We can measure the kinetic energy and mass of reaction products in particle physics experiments and when we produce heavier products than we started with the extra mass is related to lost kinetic energy in keeping with $$E = mc^2$$. Likewise when particles decay to lighter products the products have extra kinetic energy in keeping with the mass difference.

It is not just a fanciful notion you find in books, but something that we do with unstable particles in looping accelerators (example, muon-g2).

To fit all of those that into a absolute time framework will require more (and to my mind very arbitrary) assumptions. By contrast the Lorentz symmetry of special relativity explains them all in one go and is motivated by the structure of Maxwell's equations (that is has an experimental basis and is not at all arbitrary).

• It seems, though, your solution leaves the door open for a possible (albeit somewhat arbitrarily built) physics with absolute time and compatible with experiments, in contrast with the second answer "Now if you want to find a theory that is fully Lorentz invariant such that it correctly matches the train-light-clock experiment and the other standard S.R. scenarios, then: No. Relativity is the Lorentz invariant solution." This is precisely what I would like to know. I guess it boils down to: is in any sense possible that relative space-time is really a convention ? Jan 9, 2020 at 13:51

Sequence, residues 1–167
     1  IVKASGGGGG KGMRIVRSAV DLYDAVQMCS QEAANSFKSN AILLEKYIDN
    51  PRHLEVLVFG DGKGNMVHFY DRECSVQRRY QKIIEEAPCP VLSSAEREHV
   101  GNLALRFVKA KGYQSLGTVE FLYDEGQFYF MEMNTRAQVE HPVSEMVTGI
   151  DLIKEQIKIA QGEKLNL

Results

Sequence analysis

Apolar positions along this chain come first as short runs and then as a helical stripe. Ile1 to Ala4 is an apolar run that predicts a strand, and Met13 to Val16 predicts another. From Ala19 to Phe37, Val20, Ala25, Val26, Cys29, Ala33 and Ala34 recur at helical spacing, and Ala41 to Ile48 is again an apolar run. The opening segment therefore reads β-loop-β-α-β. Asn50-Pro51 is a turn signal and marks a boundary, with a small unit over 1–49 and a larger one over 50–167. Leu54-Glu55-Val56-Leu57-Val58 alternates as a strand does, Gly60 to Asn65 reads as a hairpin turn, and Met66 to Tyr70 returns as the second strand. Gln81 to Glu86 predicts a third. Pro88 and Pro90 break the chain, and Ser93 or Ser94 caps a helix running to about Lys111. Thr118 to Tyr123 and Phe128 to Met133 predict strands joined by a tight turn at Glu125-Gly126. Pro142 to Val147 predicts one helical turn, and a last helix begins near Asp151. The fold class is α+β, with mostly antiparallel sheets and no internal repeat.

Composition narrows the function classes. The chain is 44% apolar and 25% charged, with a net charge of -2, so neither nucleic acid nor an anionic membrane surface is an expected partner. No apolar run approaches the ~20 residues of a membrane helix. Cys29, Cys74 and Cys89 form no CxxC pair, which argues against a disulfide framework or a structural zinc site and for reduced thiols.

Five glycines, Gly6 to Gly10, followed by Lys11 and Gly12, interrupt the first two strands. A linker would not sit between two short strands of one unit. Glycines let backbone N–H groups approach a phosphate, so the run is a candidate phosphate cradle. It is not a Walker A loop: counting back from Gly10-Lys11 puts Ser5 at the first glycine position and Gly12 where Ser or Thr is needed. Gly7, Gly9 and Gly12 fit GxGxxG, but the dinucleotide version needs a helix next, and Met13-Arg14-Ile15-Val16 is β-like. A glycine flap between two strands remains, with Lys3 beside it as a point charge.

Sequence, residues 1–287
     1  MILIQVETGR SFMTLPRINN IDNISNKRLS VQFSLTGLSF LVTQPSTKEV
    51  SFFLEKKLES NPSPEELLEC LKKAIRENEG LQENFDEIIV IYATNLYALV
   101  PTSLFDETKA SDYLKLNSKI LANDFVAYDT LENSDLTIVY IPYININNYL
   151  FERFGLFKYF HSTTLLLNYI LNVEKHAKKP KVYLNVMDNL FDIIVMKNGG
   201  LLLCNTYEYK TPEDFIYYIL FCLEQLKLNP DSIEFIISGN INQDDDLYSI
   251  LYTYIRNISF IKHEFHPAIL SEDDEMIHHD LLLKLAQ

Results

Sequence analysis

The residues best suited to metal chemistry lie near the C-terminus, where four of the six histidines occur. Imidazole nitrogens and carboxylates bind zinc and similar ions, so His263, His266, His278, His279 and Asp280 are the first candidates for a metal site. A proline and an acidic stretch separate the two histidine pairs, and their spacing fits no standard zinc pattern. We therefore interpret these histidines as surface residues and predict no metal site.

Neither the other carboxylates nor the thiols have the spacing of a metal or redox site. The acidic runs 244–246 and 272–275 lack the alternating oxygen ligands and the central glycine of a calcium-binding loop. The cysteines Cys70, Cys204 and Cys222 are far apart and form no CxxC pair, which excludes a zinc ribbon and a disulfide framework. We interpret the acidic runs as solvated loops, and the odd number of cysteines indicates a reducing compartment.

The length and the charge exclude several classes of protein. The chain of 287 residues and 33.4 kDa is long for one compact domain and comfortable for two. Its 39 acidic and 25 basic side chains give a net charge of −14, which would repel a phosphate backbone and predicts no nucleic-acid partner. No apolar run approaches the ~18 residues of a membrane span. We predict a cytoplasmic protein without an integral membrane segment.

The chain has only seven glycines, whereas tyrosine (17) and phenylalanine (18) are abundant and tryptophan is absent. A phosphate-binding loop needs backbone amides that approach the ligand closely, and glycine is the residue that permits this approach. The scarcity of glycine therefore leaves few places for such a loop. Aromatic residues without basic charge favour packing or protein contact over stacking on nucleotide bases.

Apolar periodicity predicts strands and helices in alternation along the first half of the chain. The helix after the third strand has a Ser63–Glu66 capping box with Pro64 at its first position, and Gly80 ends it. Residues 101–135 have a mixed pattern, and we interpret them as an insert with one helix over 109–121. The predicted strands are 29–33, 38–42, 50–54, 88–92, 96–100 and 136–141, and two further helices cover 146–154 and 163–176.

• Scientific investigation can never absolutely rule out "[supreme being of your choice] is messing with us" type scenarios, nor even so-called "conspiracies" (complex nature is fine-tuned to present as some simpler truth). Instead it is an engine for seeking out successful descriptions where "successful" combines getting everything right with parsimony and ellegance. The last two parts are a human convention, but they have perfromed well in the past: the more parsimonious theory is usually the one that makes the correct predictions for the next behavior you invesitate. Jan 9, 2020 at 16:32
• @ThreeDiag, Conventionality of distant simultaneity is well known concept: plato.stanford.edu/entries/spacetime-convensimul . In regard of empirical equivalence of absolute space – time theory (Lorentz) and Einstein relativity there was work philpapers.org/rec/JANACB It is here mpiwg-berlin.mpg.de/litserv/diss/janssen_diss/Chapter3.pdf, just change manually chapter numbers. I don't agree with conclusion; but it is valuable source of historical and scientific analysis anyway. Jan 9, 2020 at 16:51